Father’s cancer diagnosis ‘convinced me I needed to be funny’, says Adam Hills

Adam Hills said his father being diagnosed with cancer “convinced” him he had to be funny.

The 52-year-old Australian comedian said he still hears his father’s words telling him “Good luck in London” when the opening titles for The Last Leg play.

Hills, who has a prosthetic foot, has hosted the show with fellow comedians Josh Widdicombe and Alex Brooker since its inception for the Summer Paralympics in London in 2012.

Due to its popularity and ratings success it became a permanent fixture and has continued since, with Hills serving as the host.

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His father died in early 2013 following 15 years living with non-Hodgkin lymphoma.

Speaking to the podcast Talking With Cancer, released on Wednesday, Hills said: “My dad’s friend once said to me, ‘I guess this must be really hard for you as a comedian … you probably won’t want to be funny for a while, but I’m sure it’ll come back’.

“I remember thinking, ‘no, this has made me more convinced that I need to be funny’. Partly because I wanted to talk about it, but I remember there being a moment where I saw my dad in intensive care, when he was at his worst.

“He just shook his head saying ‘there’s nothing more we can do’. I remember thinking ‘I can still make him laugh’.

“As a comedian, you always think ‘I probably should have done a proper job … I probably should’ve been a doctor, I probably should have saved lives’.

Virgin TV British Academy Television Awards 2018 – London
The Last Leg’s Josh Widdicombe, Adam Hills and Alex Brooker (Ian West/PA)

“But at that specific moment, the guy standing in front of me, trained as a specialist in his field, couldn’t do anything for my dad. Whereas I could. I could still make him laugh or smile in his last moments.”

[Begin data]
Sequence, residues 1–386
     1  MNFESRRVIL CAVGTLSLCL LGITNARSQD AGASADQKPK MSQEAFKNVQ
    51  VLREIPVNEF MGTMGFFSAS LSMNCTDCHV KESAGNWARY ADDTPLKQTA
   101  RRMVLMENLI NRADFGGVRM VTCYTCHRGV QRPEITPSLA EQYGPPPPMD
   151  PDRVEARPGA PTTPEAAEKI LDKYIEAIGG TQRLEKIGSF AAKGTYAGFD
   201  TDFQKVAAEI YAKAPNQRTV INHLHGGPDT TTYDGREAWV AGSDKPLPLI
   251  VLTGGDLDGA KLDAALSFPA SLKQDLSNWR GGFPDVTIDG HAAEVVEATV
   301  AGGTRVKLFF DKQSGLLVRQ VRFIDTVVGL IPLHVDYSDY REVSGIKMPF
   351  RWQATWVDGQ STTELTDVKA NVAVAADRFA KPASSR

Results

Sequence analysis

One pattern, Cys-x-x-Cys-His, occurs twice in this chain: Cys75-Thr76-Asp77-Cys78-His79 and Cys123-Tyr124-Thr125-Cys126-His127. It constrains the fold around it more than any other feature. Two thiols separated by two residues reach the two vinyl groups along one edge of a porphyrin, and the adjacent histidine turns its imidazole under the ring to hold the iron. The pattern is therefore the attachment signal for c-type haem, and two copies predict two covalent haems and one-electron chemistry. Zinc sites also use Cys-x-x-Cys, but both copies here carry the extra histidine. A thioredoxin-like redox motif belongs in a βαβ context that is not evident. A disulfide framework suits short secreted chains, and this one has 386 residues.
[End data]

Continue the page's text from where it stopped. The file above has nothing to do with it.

Hills said his father would go into remission during the 15-year period from his diagnosis to his death.

“He was fine, and he went into remission and then there’s that moment that I know a lot of people who go through cancer have, which is when the doctor says, ‘I don’t need to see you anymore’,” he said.

“And that hit him harder than anything because he was like, ‘well, how do I know I don’t have cancer?’

“It wasn’t the relief that you’d think it would be … I remember him saying that ‘I should be relieved that I don’t have to go back to the doctor any more, but all I can think is ‘how am I going to know? What if it comes back? How am I going to know that it hasn’t come back?’”

When he returned to see his father in Australia in 2012, Hills had to explain he would be returning to the UK to film The Last Leg as it had been picked up as a permanent fixture.

Hills added: “After we had a little Christmas Day and I said goodbye to him, he looked at me with real determination, and he said ‘Good luck in London’. He said it as if it was almost like a final thing.

“In my head, I think he knew then that he was on the way out, and I’d like to think – and I’m probably projecting but I might not be – that he also knew that I was on the right path and that things were going to work out for me. ‘Good luck in London’ was almost like he was saying ‘that’s where you should be’ and ‘it’s going to be fine’.

“Every now and then, before an episode of The Last Leg, when the music is playing, the opening titles are playing and the audience start applauding just before the camera comes on me … I’ll just remember my dad saying ‘good luck in London’, and it just reminds me that this is where I’m meant to be. I’m in the right spot.”